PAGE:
Senior members in ageing Black Caps team failed to lead from front in pressure games.
After winning and losing close Champions Trophy matches to Sri Lanka and England respectively and with a washout tracking similarly against Australia, New Zealand's ageing squad faces questions on how they get more sustained success and less of a clinging-to-the-lifeboats mentality from tournament play.
It is particularly relevant with national contracts on the agenda over the next fortnight.
New Zealand trumpeted into the Champions Trophy on the back of a 2-1 away one-day international series triumph over England - the best possible preparation.
Yet when "must win" came up in neon lights, New Zealand crumbled. The side missed the semifinals for the first time in five world 50-over tournaments, including the 2007 and 2011 World Cups, and the 2006 and 2009 Champions Trophies.
There was a sense of deja vu from the World T20 last September and October in Sri Lanka when, once the tournament branched into a super eight-type arrangement, two of the three matches were lost in eliminator overs.
New Zealand competed for periods but struggled to execute when it counted.
The team needs to look to its senior players in such instances to provide winning leadership. The incumbents were left grasping when it came to igniting the Martin Crowe factor at the 1992 World Cup or the Stephen Fleming-inspired survival at the 2003 equivalent with his century against South Africa.
Instead, against England at Cardiff, five of the top six made single-figure scores and two 22-year-olds, Kane Williamson and Corey Anderson (on ODI debut), were left to put on 73 for the sixth wicket to offer a brief crack at victory.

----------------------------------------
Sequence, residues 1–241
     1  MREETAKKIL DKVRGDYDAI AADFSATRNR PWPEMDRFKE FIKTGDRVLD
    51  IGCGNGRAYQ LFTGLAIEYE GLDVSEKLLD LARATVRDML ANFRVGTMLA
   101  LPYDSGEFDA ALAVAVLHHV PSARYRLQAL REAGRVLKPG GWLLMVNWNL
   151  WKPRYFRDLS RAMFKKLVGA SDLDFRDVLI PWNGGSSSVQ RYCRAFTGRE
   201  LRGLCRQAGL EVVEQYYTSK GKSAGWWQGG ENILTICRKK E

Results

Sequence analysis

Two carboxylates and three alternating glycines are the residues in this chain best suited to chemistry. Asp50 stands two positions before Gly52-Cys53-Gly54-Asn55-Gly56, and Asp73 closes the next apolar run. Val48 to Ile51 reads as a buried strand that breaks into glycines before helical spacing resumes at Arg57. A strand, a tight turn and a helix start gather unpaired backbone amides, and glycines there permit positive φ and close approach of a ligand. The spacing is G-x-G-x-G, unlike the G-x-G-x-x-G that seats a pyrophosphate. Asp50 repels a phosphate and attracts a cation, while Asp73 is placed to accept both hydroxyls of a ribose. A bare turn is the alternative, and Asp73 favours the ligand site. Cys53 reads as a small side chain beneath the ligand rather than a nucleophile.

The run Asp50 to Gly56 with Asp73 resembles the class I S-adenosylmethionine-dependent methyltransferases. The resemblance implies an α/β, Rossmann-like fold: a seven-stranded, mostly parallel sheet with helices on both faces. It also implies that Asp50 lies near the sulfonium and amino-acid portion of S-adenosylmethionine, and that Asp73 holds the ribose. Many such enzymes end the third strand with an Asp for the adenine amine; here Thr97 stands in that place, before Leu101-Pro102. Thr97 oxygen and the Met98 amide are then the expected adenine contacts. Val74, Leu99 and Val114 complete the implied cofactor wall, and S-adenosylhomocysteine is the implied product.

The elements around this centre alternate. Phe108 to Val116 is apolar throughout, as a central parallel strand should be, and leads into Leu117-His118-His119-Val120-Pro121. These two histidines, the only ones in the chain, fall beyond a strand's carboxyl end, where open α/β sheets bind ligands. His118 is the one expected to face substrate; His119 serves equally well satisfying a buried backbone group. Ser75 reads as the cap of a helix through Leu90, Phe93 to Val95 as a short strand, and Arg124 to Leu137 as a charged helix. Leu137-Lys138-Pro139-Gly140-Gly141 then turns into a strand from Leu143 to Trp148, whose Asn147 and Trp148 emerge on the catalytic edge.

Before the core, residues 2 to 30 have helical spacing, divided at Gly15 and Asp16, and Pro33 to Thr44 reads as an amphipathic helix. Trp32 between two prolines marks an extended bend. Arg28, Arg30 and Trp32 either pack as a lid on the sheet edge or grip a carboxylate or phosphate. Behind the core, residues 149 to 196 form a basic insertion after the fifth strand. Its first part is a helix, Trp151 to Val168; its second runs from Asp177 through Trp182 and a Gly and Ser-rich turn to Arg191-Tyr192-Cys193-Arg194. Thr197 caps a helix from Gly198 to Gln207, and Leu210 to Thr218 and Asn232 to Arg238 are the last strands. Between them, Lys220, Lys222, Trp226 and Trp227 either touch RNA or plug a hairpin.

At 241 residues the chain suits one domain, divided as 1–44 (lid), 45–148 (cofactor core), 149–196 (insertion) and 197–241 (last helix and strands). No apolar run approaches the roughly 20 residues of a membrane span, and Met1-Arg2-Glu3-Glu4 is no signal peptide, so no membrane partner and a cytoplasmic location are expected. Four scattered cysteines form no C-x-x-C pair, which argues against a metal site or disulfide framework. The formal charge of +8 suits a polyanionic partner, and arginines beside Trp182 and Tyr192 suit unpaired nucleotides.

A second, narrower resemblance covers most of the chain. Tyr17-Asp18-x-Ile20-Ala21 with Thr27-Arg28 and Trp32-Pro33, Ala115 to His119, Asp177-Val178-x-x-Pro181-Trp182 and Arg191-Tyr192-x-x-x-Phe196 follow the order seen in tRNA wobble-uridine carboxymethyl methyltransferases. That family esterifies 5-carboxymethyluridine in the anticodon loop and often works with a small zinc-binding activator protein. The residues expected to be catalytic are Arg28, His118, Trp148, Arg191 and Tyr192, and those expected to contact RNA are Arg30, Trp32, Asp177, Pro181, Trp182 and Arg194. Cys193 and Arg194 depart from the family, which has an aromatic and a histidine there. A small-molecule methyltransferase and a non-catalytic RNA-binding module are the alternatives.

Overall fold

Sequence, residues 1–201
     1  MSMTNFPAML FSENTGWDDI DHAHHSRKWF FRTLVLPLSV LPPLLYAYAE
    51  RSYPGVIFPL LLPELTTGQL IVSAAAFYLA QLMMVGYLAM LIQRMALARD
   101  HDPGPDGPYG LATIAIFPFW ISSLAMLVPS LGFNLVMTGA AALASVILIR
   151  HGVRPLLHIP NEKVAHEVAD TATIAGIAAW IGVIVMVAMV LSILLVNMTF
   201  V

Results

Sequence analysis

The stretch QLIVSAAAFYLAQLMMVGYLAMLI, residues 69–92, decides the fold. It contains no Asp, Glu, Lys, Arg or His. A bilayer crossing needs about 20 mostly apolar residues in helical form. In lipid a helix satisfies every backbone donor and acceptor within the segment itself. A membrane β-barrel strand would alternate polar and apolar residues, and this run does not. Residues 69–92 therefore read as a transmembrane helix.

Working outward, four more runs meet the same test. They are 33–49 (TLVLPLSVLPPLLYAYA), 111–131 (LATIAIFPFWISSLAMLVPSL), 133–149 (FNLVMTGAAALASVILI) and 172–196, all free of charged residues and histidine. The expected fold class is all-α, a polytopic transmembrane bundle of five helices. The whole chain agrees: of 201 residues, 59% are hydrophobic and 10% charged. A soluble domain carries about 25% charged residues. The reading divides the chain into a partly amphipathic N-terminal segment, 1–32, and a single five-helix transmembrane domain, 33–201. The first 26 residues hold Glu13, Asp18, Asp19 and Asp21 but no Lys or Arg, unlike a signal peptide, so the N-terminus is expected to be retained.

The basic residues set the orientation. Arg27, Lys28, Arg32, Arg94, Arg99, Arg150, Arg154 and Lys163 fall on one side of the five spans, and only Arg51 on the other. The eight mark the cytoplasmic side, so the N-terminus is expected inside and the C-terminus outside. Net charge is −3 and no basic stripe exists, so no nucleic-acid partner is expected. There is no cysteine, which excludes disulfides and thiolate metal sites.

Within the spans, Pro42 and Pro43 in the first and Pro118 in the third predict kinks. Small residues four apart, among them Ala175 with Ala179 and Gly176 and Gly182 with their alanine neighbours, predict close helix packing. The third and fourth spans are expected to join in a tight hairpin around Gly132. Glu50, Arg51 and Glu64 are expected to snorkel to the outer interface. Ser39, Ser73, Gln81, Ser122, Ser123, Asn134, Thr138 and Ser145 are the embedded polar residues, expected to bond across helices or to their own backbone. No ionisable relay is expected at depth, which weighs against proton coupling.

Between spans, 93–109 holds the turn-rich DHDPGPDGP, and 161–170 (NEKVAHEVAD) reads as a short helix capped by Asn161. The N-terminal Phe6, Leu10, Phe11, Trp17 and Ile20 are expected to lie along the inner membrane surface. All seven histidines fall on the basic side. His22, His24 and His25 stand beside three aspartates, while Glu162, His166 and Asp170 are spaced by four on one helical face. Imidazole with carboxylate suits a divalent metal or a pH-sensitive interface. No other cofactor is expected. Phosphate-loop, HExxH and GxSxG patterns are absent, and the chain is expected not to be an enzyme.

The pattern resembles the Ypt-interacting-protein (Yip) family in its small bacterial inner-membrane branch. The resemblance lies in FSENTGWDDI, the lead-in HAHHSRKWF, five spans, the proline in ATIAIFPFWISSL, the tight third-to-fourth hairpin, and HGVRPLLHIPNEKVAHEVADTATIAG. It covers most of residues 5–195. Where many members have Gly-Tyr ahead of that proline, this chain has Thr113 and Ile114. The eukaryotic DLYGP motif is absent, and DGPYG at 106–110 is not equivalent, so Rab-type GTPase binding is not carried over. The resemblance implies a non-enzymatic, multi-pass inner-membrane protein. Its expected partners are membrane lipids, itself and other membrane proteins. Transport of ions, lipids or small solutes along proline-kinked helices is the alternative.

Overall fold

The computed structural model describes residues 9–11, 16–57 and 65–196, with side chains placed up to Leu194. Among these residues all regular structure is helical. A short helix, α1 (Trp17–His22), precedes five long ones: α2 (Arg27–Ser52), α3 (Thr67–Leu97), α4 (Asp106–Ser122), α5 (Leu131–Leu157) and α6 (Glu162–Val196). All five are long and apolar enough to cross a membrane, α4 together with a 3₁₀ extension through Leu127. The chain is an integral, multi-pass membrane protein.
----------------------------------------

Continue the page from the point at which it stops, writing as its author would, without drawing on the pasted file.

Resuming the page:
With the oldest side at the tournament - until Grant Elliott's late exit, eight of the 15 players (equal with Pakistan) were 30-somethings - coach and chief selector Mike Hesson faces a tough call whether such personnel are capable of winning the 2015 World Cup at home. The tournament will be a key factor in defining Hesson's legacy as a coach. He may need to summon younger players.
Hesson said youth would be represented when the national contracts are announced, which is promising news for the status of Williamson, Anderson and Mitchell McClenaghan (who remains the Champions Trophy top wicket-taker with 11 at 13.09).
"It's something we're looking at," Hesson said. "There will be new faces on the list."
Experience helped shape the ODI series victories away against South Africa and England with Kyle Mills, Ross Taylor, Elliott and the McCullum brothers often playing cameo roles, while Williamson, McClenaghan and Martin Guptill produced star performances.
Rain compounded New Zealand's inability to execute under pressure. The abandonment against Australia and the removal of 52 overs against England meant they never showcased their flair over a full 50 overs, as had been seen in the previous series.
Speaking after Sri Lanka's win over Australia, Hesson preferred to reflect on that as a defining factor. He refrained from criticising individuals' inability to execute in key moments.
"I don't know if we're lacking killer instinct," Hesson said. "It was such a congested tournament, we won a tight one, lost a tight one and had a no result. It was not a huge amount of cricket to reflect on. Against England there were only 24 overs a side - we were a bit untidy in the field over the first 10, we fought back, kept taking wickets, but were a bit frenetic with the bat at the start.
"It's such a small sample to work from. Most guys only had two hits the whole tournament and they weren't able to do it."
New Zealand stay on to play two T20 internationals against England on June 25 and 27 after a warm-up against Kent on Saturday.
Batsmen Hamish Rutherford and Tom Latham and spinner Ronnie Hira join the squad with Vettori, Elliott, Williamson and Ronchi exiting. Tim Southee's ankle injury still needs to mend, meaning Doug Bracewell remains on standby.